The UN has joined the United States in pouring scorn on the way Uganda’s detracted presidential election was handled and raised concerns about the shutting down of social media as well as several arrest of opposition leader, Kizza Besigye.
In a statement on Tuesday, the UN’s human rights office says it’s “concerned by the tense post-electoral situation in Uganda.”
It quoted the reports of two people who lost their lives and the constant arrest of opposition members in the aftermath of Thursday’s presidential and parliamentary elections.
It also raised concerns “about the intimidating display of force used on Friday by Ugandan police and military forces” when it gained access into the offices of the main opposition FDC party.
The US Secretary of State, last week, told President Yoweri Museveni of his concerns with the arrest of opposition members and the blocking of social media sites during the election.
The opposition leader intended to end President Yoweri Museveni’s 30-year rule, but failed in the mission which he blames on corruptiion and double dealings during the election.
Museveni, who is among Africa’s longest serving leaders, and a U.S. ally, emerged the winner of Uganda’s election on Saturday but opponents dismissed the turn-out of the election.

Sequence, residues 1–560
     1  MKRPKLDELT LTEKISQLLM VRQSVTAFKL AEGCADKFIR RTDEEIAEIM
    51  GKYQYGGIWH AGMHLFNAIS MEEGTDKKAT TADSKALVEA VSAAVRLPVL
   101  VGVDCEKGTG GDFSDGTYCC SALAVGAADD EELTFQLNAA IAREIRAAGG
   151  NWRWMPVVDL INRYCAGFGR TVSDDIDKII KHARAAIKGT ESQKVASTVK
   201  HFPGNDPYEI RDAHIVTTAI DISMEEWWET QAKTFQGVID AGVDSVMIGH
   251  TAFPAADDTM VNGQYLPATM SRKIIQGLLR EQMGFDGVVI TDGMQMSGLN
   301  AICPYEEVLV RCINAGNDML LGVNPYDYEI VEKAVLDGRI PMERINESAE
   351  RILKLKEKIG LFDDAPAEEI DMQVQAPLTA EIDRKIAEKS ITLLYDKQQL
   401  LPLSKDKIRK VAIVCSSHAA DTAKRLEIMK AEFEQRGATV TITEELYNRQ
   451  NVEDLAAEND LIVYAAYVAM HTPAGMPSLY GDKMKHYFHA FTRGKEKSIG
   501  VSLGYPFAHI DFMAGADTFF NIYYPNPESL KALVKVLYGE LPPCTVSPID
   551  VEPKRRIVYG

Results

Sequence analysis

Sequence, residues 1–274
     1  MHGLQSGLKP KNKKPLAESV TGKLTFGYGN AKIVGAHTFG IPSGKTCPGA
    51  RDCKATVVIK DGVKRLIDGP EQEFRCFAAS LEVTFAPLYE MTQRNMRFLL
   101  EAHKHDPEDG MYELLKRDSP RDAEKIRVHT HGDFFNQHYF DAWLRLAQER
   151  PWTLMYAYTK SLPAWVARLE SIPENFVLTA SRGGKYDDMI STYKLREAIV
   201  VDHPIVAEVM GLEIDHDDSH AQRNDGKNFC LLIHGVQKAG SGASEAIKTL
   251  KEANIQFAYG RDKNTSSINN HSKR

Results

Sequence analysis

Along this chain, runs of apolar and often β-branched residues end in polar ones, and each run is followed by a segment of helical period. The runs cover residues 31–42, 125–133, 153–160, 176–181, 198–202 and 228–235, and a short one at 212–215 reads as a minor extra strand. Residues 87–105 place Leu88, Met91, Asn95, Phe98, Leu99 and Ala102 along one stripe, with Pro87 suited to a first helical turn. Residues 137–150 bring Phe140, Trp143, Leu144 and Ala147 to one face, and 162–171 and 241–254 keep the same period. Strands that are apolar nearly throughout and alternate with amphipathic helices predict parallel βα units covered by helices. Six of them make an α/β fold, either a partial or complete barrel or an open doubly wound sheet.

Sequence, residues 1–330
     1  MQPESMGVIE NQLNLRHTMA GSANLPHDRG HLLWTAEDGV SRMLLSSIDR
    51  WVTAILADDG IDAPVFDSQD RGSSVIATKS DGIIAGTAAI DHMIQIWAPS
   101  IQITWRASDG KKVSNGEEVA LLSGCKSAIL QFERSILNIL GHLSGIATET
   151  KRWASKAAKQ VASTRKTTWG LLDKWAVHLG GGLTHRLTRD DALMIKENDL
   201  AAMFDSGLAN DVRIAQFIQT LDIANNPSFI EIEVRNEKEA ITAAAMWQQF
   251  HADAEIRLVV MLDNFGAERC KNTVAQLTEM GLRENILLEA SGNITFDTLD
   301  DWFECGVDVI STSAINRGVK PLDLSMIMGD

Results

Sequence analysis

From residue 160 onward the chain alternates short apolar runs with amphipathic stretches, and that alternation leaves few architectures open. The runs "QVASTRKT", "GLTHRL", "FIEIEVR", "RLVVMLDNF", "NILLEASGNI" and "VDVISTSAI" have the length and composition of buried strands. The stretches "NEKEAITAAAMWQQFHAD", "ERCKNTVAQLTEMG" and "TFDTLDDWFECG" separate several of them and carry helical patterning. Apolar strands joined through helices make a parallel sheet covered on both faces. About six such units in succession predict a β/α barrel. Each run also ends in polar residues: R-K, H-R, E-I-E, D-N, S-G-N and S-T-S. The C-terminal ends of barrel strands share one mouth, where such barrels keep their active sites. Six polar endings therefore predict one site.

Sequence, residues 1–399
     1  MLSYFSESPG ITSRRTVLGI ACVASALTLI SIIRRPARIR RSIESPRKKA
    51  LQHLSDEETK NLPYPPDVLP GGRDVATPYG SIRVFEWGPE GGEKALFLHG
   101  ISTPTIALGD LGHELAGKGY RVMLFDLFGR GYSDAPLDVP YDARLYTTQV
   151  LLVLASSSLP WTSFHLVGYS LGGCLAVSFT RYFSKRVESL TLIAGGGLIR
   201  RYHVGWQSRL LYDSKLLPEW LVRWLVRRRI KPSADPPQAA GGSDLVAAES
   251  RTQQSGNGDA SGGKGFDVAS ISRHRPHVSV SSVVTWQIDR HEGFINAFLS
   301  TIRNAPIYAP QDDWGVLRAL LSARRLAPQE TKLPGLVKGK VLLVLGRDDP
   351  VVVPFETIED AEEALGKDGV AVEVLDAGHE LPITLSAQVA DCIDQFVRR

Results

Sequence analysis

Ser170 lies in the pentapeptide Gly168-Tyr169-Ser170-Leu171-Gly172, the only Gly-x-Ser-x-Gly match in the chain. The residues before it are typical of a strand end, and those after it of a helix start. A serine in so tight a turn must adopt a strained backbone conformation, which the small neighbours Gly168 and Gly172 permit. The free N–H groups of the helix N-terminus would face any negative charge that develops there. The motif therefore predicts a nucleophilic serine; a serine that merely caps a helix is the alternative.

European Union and Commonwealth observers have also slammed the electoral process of the country in the last elections and doubts it adhered to the democratic principles during the Thursday’s poll.
Main opposition candidate Kizza Besigye has said the country’s commitment to a transparent and credible election process free from intimidation is questionable.
He also revealed that police has barred him from using electronic communication by shutting down every means by which to communicate electronically.
Besigye described the Thurday poll as fake and another contender, Amama Mbabazi, described the result of the poll as a “fundamentally flawed” result published to feint people.
Since election day, Facebook, Twitter and WhatsApp have faced outages.
Mark Toner, U.S. State Department deputy spokesperson, said late on Saturday
We call for his immediate release and the restoration of access to all social media sites .
This was after U.S. Secretary of State John Kerry had called Museveni on Friday to raise his country’s concern over Besigye’s detention, the harassment of opposition figures and the shutdown of social media.
The Daily Monitor newspaper on Saturday quoted the Uganda’s president as saying.
I told Kerry not to worry a lot about the internal affairs of Uganda because we know how to handle the issues,” He had said she does not need lectures from anybody.
Besigye has been calling on the international community to reject the poll win by Museveni, who is in the good graces of the West, by sending Ugandan troops to Somalia to battle al Qaeda linked Islamist militants.
Despite the tie, it seems the voice of the opposition leader is gradually being heard across the globe with powerful world bodies raising different concerns about the poll.
If he finally wins the struggle, Uganda may have to cancel their election and reschedule a more credible one in the nearest future.